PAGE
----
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Exploring Context in 'London'

In this worksheet, students will learn to explore the context in 'London' and understand a little bit about Blake's background and the nature of the poem.

'Exploring Context in 'London'' worksheet

Key stage:  KS 4

GCSE Subjects:   English Literature

GCSE Boards:   AQA, Pearson Edexcel

Curriculum topic:   Poetry, Poetry Anthology Collections

Curriculum subtopic:   Power and Conflict: 'London', Time and Place: 'London'

Difficulty level:  

Worksheet Overview

QUESTION 1 of 10

Always wanted to practice your understanding of context in 'London'?

 

Thought bubble

 

Well, you've come to the right place! 

 

This activity is quite simple. We're going to be looking at the background of the poem, the themes that Blake uses and how they link to the context of his life and background. Blake (1757-1827) was considered pretty crazy by his contemporaries for his revolutionary views. Not only was he hostile towards religion, despite being a Christian, he was quite hostile towards the government for the way it rejected the poor. London, in Blake's time, was undergoing quite a big industrial revolution; many people lost their jobs and fell to poverty. Blake was also a romantic poet; romanticism meant the rejection of organised society and a focus on nature, feelings and emotions instead.

 

As you do this activity, jot down some important facts that you notice along the way. It'll be really helpful for your exam, and your general knowledge.

 

 

 

 

Just a reminder: context is the background, environment and setting of a poem. 

Tick the one quote from below which shows that Blake was against the church.

 

 

"In every cry of man"

"Every black'ning church appalls"

"How the youthful harlots curse..."

Blake was a radical, which meant he was against the monarchy (and the government). 

 

Just a little info: around the time of this poem, the French revolution had taken place and aristocrats were being killed left right and centre! This was influencing social unrest in England; London had a MASSIVE gap between rich and poor.

 

What one quote from below really showcases Blake's hatred of aristocrats. Pick a number and write it in the box below.

 

 

1. "Marks of weakness, marks of woe"

2. "And mark in every face I meet"

3. "Runs in blood down the palace walls"

What can we infer about the overall meaning of the poem?

 

Tick the three answers that you think are the most logical.

The poem is about the joys of being rich

The poem is about the joys of being a middle class poet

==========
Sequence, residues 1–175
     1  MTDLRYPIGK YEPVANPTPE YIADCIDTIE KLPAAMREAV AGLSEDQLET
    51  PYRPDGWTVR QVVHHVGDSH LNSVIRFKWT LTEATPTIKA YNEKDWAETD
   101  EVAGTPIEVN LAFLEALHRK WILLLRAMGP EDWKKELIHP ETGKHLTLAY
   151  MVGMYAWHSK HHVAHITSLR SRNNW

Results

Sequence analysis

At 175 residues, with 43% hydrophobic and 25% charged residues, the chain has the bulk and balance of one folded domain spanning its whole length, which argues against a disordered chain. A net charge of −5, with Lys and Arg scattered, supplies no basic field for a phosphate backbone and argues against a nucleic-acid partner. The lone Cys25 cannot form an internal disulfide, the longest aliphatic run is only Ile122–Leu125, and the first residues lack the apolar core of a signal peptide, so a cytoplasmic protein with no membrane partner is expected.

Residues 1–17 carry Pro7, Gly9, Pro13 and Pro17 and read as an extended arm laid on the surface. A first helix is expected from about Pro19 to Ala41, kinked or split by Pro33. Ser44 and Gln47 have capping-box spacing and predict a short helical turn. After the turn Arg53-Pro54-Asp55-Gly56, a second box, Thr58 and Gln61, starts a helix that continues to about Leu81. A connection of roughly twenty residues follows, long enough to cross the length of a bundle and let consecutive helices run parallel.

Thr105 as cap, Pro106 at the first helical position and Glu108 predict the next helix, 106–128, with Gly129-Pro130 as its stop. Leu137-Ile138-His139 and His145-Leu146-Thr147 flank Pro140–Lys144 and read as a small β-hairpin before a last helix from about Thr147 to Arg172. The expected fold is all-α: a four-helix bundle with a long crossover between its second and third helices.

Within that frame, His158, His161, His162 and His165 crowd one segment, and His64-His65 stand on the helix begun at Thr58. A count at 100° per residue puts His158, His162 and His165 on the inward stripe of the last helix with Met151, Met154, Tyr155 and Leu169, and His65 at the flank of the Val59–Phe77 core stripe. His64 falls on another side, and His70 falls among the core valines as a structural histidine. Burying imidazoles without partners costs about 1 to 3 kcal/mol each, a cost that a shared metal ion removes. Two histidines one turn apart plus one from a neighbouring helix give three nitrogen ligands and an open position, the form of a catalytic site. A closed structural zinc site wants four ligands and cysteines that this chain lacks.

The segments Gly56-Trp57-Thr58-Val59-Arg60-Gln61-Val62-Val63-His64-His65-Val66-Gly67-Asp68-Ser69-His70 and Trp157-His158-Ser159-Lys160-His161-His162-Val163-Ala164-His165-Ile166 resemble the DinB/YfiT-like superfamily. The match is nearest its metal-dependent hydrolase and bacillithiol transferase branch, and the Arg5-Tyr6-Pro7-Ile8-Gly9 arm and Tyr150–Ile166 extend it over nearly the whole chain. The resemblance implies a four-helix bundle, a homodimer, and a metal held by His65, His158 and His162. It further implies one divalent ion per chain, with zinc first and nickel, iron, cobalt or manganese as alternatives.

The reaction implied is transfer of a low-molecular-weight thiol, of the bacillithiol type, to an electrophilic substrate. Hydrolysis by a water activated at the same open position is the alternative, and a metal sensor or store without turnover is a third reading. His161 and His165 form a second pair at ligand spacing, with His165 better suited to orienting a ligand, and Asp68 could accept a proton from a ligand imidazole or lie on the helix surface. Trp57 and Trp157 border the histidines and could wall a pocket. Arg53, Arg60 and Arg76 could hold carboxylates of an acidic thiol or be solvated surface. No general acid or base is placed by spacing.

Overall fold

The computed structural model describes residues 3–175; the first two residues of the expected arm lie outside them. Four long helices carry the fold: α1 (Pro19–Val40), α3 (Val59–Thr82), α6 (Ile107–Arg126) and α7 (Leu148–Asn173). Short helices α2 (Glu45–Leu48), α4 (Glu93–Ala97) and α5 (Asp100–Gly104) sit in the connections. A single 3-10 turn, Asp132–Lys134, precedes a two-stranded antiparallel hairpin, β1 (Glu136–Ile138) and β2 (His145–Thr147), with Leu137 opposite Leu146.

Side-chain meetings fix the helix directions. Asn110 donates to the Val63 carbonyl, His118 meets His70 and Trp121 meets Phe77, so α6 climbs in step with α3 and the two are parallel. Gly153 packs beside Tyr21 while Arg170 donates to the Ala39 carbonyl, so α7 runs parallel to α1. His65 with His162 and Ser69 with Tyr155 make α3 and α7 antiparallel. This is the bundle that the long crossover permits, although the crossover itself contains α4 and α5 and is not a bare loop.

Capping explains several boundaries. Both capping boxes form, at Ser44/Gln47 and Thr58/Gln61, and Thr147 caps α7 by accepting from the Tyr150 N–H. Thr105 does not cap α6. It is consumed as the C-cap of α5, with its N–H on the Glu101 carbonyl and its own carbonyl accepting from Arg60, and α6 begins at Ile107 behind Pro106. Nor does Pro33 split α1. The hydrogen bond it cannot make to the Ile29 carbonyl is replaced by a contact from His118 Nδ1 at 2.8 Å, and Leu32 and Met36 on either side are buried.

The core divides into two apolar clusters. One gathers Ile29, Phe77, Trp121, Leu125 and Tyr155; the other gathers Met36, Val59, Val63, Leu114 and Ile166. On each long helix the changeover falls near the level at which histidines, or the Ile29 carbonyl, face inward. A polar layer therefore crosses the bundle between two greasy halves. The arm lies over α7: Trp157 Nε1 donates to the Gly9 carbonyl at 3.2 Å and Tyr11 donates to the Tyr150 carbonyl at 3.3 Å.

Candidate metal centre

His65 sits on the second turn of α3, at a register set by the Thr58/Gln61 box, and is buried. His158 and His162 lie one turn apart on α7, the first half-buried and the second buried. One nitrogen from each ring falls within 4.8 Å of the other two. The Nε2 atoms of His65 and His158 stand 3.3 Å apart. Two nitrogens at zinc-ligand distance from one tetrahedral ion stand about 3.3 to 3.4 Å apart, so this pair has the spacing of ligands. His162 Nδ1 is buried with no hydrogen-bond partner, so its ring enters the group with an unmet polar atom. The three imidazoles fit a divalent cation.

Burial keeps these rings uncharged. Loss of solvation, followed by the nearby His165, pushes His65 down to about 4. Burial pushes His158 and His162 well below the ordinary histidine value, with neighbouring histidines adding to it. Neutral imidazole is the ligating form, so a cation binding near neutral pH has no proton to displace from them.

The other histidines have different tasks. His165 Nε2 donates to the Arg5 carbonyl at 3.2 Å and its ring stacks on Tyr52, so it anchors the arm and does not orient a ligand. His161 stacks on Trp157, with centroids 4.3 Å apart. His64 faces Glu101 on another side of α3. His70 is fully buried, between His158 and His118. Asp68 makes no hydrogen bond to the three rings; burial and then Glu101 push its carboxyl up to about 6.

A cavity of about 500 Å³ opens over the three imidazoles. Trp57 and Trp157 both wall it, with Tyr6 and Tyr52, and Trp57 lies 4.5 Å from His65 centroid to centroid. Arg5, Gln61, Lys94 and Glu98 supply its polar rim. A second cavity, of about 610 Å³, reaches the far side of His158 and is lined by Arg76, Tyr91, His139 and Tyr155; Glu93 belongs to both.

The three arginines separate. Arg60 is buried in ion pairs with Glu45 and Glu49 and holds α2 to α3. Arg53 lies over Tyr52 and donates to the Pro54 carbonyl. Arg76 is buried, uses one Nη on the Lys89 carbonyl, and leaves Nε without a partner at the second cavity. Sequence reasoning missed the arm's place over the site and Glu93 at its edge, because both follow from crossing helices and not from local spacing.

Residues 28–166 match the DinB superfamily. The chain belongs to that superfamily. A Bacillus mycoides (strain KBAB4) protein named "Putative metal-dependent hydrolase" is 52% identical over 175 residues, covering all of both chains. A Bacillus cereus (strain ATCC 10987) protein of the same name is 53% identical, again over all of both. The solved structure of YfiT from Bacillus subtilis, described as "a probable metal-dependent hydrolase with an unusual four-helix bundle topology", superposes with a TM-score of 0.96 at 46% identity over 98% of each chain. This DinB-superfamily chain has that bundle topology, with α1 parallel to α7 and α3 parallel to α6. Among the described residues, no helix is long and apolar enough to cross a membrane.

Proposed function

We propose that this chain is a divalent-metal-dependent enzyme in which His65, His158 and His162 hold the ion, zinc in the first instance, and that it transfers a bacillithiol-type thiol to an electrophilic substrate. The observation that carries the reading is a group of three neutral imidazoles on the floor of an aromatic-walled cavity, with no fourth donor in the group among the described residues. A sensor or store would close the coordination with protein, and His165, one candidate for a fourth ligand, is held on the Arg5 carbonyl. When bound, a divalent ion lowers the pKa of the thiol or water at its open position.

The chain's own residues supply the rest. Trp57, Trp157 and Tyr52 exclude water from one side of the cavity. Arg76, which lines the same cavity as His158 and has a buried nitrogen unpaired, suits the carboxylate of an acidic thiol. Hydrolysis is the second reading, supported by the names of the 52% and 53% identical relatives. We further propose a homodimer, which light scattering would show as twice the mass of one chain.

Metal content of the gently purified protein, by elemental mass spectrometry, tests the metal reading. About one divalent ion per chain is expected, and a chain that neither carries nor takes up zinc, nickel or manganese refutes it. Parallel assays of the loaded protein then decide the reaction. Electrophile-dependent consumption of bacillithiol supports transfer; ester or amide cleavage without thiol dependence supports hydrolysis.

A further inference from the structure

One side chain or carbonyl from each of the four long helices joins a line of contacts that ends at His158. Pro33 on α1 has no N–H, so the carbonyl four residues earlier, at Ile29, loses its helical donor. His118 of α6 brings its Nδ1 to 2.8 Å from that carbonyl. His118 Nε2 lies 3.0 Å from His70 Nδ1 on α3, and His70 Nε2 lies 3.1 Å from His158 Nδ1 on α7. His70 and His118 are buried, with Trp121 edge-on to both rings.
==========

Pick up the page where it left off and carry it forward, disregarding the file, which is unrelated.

The poem is about government/church institutions failing the poor people of London

The poem is about the cyclical and confined nature of poverty

The poem brings awareness to the sufferings of the lower-class due to upper-class corruption

Why is it important for us to know that this poem was written not long after the French Revolution?

 

Pick one number out of the options below:

 

1. Because the poem is set in France.

2. Because the poem is a message to readers about the social unrest and poverty in London, which could end up turning into a revolution if things don't change.

3. Because the poem is telling a story about the lower-class people of London.

Blake uses the adjective "chartered" to emphasise government control. Why do you think he did this?

 

The adjective is used to show that the government provides comfort and security

The adjective is used to highlight the government's failed responsibility in protecting the poor people of London

The adjective is used to highlight the social gap between rich and poor

What one quote illustrates Blake's empathy for the suffering of the poor? 

 

(Empathy: the ability to understand and share feelings of others)

 

 

"Marks of weakness, marks of woe"

"I wander through each charted street"

"Every black'ning church appalls"

Match each contextual idea with a quote from the poem.

Column A

Column B

Loss of innocence
"Runs in blood down the palace walls"
Warning about revolution
"Where the chartered Thames does flow... marks of ...
Failure of the government
"Youthful harlots curse"

Once more! Match each contextual idea with a quote from the poem.

Column A

Column B

Failure and corruption of religious institutions
"Mind-forged manacles"
Empathy and alignment with poor
"How the chimney-sweeper's cry"
Government control
"Every black'ning church appalls"

Tick one theme that's not in the poem.

 

Pain/suffering

Confinement

Social mobility

What idea from the options below seems to be the most important one in the poem?

 

That the government is terrible

That poverty is terrible

That the French Revolution was a good thing

That social unrest and confinement of the poor will result in pain and suffering for all

That everyone is equal

  • Question 1

Tick the one quote from below which shows that Blake was against the church.

 

 

CORRECT ANSWER
"Every black'ning church appalls"
EDDIE SAYS
Blake clearly looked down on the organised church teachings- mainly because, as the poem shows us, the church failed in helping the poorer people in society. Orphans, at the time, were the responsibility of the church. But many of them were sent to be chimney sweeps, who were subjected to awful conditions with horrible consequences - like suffocating in chimneys, early death due to soot in the lungs and even being burnt alive.
  • Question 2

Blake was a radical, which meant he was against the monarchy (and the government). 

 

Just a little info: around the time of this poem, the French revolution had taken place and aristocrats were being killed left right and centre! This was influencing social unrest in England; London had a MASSIVE gap between rich and poor.